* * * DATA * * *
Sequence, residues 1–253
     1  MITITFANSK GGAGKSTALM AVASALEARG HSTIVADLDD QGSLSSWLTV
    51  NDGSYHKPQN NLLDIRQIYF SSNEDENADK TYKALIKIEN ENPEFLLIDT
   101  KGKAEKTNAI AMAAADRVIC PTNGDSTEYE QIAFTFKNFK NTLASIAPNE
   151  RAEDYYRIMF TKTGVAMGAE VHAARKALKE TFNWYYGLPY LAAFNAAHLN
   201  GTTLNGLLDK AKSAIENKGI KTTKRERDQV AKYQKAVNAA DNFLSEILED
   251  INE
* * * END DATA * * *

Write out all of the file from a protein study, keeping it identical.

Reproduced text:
Sequence, residues 1–253
     1  MITITFANSK GGAGKSTALM AVASALEARG HSTIVADLDD QGSLSSWLTV
    51  NDGSYHKPQN NLLDIRQIYF SSNEDENADK TYKALIKIEN ENPEFLLIDT
   101  KGKAEKTNAI AMAAADRVIC PTNGDSTEYE QIAFTFKNFK NTLASIAPNE
   151  RAEDYYRIMF TKTGVAMGAE VHAARKALKE TFNWYYGLPY LAAFNAAHLN
   201  GTTLNGLLDK AKSAIENKGI KTTKRERDQV AKYQKAVNAA DNFLSEILED
   251  INE